At the beginning of ‘Where Danger Lives', Cameron is a man clearly in control of himself, his career, and his love life. Given the concern of the film with health and well-being, it is eminently logical that he should be a doctor (although not a psychiatrist, as Margo's first husband makes a point of establishing). His presence in the hospital is commanding, authoritative even, his future clear. The ebbing away of these keystones to his life - in effect an emasculation after encountering the suicidal Margo - is drastic and troubling. At first he is merely slowed by his own inebriation, then confused by her deceit. This is followed shortly afterwards by the head blow by her outraged husband (played by Claude Rains in his most typically urbane, menacing style), which creates a more profound effect on his mental capabilities.

This is a film dominated by Margo and Jeff on the road, and their crazed relationship to each other. Jeff's concussion and resulting moral confusion, and Margo's hidden psychosis, make them ideal partners in the bewildering and uncertain world through which they travel. Jeff's mental distraction makes him passive, vulnerable, while Margo's compulsions make her determined, wiley and strong. Ultimately it is this distortion in their relationship, in some respect a reversal of the usual sex roles, which gives the film so much of its intrigue. Once Margo and Jeff have found each other, in fact, they play on the same ‘mad' circuit, hurtling towards a crash, like the racers which stunned Jeff visualises buzzing ‘up and down' in his head.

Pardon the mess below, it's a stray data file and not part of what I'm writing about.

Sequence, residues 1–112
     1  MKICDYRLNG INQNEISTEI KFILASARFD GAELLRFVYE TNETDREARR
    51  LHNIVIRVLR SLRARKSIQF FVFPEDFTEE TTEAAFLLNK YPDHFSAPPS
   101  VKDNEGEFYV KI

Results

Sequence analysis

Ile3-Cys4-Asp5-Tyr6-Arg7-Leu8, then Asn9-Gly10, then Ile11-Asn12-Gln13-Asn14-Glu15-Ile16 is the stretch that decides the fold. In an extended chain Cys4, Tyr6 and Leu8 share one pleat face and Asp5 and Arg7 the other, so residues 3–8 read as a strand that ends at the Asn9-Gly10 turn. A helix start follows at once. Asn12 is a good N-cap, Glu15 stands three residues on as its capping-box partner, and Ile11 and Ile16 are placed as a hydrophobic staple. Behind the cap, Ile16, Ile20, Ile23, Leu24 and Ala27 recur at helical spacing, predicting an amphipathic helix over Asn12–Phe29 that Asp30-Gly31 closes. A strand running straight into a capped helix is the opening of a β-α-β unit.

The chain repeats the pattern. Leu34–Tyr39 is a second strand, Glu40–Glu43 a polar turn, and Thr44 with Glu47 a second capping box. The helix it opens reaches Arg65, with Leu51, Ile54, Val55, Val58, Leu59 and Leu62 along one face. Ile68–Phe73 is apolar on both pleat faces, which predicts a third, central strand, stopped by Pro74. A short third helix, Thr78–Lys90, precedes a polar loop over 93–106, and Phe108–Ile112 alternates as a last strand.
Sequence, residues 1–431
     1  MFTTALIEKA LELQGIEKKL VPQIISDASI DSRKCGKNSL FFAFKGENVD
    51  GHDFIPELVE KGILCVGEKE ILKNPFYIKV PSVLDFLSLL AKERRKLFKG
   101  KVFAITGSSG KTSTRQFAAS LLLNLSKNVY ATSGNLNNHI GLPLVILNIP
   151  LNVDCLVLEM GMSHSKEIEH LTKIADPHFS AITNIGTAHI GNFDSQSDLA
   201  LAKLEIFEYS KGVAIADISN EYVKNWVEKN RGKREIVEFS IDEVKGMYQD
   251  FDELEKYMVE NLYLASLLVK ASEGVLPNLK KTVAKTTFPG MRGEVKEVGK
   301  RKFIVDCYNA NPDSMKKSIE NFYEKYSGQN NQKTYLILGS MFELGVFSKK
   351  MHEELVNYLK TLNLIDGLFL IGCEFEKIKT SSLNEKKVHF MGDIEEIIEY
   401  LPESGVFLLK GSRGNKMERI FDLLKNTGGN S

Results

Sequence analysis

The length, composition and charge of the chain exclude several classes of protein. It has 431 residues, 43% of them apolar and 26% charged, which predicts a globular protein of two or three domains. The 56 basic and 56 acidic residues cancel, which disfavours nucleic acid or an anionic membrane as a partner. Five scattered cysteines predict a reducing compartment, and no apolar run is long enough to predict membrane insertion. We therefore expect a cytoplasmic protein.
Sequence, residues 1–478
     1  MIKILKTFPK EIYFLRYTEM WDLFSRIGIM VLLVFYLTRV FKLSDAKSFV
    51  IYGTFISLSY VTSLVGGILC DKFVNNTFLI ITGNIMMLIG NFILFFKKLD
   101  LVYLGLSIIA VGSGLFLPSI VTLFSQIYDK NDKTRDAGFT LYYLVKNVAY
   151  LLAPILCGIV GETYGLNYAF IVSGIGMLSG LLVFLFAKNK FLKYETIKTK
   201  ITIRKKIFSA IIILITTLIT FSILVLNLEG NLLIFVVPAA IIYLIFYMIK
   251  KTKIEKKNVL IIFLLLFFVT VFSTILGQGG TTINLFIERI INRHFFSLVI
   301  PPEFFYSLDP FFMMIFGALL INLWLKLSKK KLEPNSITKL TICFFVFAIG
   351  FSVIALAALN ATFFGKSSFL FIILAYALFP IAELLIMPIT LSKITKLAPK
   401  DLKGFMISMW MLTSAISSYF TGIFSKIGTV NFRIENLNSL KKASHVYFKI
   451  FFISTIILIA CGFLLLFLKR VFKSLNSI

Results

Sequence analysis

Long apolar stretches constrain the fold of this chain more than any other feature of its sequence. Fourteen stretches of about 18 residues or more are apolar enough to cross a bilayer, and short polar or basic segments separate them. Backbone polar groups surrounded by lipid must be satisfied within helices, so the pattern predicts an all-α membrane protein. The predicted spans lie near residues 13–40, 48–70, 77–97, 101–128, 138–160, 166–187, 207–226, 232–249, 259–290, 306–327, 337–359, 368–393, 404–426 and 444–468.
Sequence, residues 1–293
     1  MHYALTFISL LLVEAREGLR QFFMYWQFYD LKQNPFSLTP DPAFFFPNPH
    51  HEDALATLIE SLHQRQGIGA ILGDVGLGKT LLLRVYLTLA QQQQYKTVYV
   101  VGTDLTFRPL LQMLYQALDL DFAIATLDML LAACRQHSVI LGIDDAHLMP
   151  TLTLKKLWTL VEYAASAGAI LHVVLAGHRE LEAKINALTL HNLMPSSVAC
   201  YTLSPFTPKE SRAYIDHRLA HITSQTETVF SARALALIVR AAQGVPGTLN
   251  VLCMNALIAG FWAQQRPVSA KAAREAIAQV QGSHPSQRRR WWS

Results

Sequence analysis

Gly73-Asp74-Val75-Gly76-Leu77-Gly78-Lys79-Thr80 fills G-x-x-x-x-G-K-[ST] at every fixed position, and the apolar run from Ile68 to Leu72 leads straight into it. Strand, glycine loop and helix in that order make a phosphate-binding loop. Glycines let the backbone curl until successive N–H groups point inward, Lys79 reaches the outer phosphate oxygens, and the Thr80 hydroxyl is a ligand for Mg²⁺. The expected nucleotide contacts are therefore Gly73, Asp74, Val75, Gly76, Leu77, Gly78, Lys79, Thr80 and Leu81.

Farrow's direction follows the trajectory of events perfectly. At the start of the film, he shoots Mitchum's tall frame framed within the cold certainties of hospital hallways, uncluttered and unshadowed. By the end of the film he is slumped, hidden and confused within shadowy hotel rooms, or stumbling along dark sidewalks. In between times, Farrow is able to enjoy himself with the surreal episode of the beards festival, (a peculiarly bizarre moment even in the extreme experiences of noir) which works well in the context of the runaway's own mental disorientation.

The most powerful scene in the film is the penultimate confrontation of Jeff and Margo in the border hotel. Shot in one continuous take, Farrow effortlessly manages a number of complicated set ups within the frame as the two protagonists confront each other, and their reduced options, while moving around the set. Margo's final attack on Jeff, her attempted smothering of him (as she had done to her first husband much earlier) is so frightening because Mitchum's big frame is now so handicapped and reduced. Close to the Mexican border, Cameron is also close to unconsciousness, coma, and possibly death as well. The cheap hotel room, the broad, the flashing window sign, the rising tide of panic with a departing prospect of ‘escape'

  • these are all of course entirely typical of the genre. But by the time we

reach this scene it is obvious too that, here at least, real danger lives as much in the head as in the world of police and shady border deals.

35 of 45 people found this review helpful.  Was this review helpful to you?